Silver Paddles - Fun, Fitness & FriendsSep 03, 2019 10:28AM ● By Nina Welch
Raudel Barba, Susan Brady-Henry and Vern West enjoying the game.
by Nina Welch
“Pickleball has changed my life,” says Vern West, age 81. “I’ve met a lot of nice people, I’ve lost 25 pounds, my blood pressure has dropped, and the pain in my back and knee is gone since I started playing.”
Vern - who had played tennis for over 30 years and had to give it up due to back, shoulder, and knee surgery - has become obsessive about pickleball because of the great health benefits from playing the game for just a year and a half. Now he wants to give back by organizing a pickleball club, along with instructor Raudel Barba, United States Professional Pickleball Association professional, who came up with the name, Silver Paddles, for 65 and older participants who want to enjoy a social environment and fun exercise. He likes to refer to pickleball as fun, fitness, and friends old and new.
Vern’s main purpose in starting Silver Paddles is to get seniors off the couch for a low-cost exercise activity and a way to meet people. The game is so much fun that one doesn’t realize health and fitness just happened.
Not only does one get to leave the couch to play pickleball, but staying out of the kitchen is a must. The kitchen is slang for the non-volley zone in the court area within seven feet on both sides of the net. One can only step in the kitchen if the ball bounces there.
Instructions by Raudel will include holding the paddle like a baby bird and serving underhand at belly-button level similar to bowling. He started teaching pickleball three-years-ago. His early memories involve him on his hands and knees chalking the courts. “When it rained, I cried,” says Raudel.
Baby boomers are catching on to the game and the courts are filling up, so there is a need for designated pickleball courts in San Clemente. The tennis courts are striped over to create four courts per one tennis court. Most games are played as doubles, which means 16 pickleball players per court vs. four tennis players per court. The court also has a slightly modified tennis net.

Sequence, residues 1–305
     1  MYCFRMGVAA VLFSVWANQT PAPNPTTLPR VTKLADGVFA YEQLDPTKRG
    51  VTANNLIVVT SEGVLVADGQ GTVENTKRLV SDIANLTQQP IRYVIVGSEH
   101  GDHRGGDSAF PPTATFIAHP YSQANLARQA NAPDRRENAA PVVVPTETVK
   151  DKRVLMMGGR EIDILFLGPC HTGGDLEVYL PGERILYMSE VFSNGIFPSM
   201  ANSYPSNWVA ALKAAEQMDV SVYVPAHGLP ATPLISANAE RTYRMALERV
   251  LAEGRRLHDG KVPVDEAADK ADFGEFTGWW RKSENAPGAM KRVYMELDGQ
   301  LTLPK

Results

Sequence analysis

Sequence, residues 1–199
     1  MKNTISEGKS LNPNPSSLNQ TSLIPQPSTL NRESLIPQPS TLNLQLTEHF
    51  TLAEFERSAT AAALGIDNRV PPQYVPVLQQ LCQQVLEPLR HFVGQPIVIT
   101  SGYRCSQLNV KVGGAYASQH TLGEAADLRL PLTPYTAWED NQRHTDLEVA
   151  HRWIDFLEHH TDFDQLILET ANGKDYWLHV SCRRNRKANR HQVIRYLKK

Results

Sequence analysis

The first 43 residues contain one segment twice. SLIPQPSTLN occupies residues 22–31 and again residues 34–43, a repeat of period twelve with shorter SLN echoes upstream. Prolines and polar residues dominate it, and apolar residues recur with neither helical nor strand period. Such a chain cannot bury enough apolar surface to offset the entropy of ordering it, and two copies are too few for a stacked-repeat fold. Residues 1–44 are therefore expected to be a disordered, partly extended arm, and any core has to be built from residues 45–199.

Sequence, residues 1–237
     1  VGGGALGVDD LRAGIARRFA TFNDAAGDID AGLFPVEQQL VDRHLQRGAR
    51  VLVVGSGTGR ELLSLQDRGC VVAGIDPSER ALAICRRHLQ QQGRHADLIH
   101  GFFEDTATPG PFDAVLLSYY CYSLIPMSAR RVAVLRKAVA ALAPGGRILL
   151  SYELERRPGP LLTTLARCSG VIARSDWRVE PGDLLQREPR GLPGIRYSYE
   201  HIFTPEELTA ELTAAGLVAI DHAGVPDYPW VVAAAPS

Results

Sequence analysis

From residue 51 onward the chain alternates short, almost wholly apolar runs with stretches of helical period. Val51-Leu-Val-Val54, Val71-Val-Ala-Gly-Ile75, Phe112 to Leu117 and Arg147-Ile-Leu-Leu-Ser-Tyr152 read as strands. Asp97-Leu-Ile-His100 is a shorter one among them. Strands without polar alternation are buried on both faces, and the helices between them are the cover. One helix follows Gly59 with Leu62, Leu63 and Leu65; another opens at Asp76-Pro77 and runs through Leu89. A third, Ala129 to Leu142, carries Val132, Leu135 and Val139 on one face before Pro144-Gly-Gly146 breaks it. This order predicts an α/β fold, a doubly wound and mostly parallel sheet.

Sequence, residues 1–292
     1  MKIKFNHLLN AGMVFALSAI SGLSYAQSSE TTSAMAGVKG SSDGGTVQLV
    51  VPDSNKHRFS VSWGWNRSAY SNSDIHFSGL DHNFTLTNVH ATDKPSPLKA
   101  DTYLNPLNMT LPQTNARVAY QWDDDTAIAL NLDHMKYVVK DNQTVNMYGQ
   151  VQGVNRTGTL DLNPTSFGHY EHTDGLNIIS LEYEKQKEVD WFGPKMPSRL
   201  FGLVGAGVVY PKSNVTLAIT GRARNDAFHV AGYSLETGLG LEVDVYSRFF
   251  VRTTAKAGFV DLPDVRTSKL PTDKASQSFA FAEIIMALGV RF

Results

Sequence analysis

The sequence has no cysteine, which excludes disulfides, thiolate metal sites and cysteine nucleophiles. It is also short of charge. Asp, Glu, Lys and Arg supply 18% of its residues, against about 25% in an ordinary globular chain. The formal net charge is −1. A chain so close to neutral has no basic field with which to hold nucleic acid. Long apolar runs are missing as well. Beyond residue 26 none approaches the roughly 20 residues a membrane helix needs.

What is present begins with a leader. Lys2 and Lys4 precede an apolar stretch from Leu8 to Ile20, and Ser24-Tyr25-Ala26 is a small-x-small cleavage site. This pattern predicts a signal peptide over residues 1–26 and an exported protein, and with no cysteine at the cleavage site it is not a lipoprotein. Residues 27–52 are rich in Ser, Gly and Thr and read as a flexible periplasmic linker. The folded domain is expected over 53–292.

One can join Silver Paddles and be a part of the pickleball family for seniors. A lot of former tennis players currently play the game, and Coach Raudel predicts it will be an Olympic sport within ten years. Even with a smaller court, the game offers a cardio workout and good mental well-being. The twisting, turning, squatting, bending action when playing creates core and muscle development, flexibility, and improvement of quick-twitch muscle reaction. One might be surprised at the exercise results because of the desire to play more. In other words, the game can be addictive.
No one could be more surprised than Susan Brady-Henry. A great health-benefit story comes from this new pickleball player, who has only been playing three months with amazing results.
According to Susan, “In March 2018, I contracted a virus that settled in my inner ear and caused extreme vertigo. I could not walk without holding on to someone or something like furniture around the house. I walked like a drunk, swaying from side to side, and I walked into walls. I spent so much of my time and effort trying to stay balanced and I lost memory and concentration, which is a very common side effect for people with vestibular problems.”
After one year, Susan was just recently diagnosed with Bilateral Vestibular Loss, or a loss of the balance nerve in both ears. The only recommended treatment from her Otolaryngologist /ENT doctor was balance therapy. She has had 78 sessions at one hour each using NASA equipment and balance exercises that train her eyes and feet to tell the brain where her head is in space. Starting out slowly with pickleball lessons from Raudel, Susan now plays three times a week. The game has become a form of balance therapy for her.
She says, “My balance therapist is very pleased with my improvement and we use my pickleball paddle and balls sometimes in therapy.” Although there is no cure but to maintain the balance she has left, her ENT doctor wants her to get a lot of movement and to walk using a walking- stick. But Susan says, “Let's see, walking stick or pickleball paddle? I choose the paddle. I am so much happier since I found this sport. It is helping me both physically and emotionally and I meet many new pickleball friends.”
Free paddles will be given for the first six students that sign up. Silver Paddle participants receive a $10 discount.
For more information about Silver Paddles, contact Vern West at firstname.lastname@example.org or visit www.silverpaddlespickleball.com.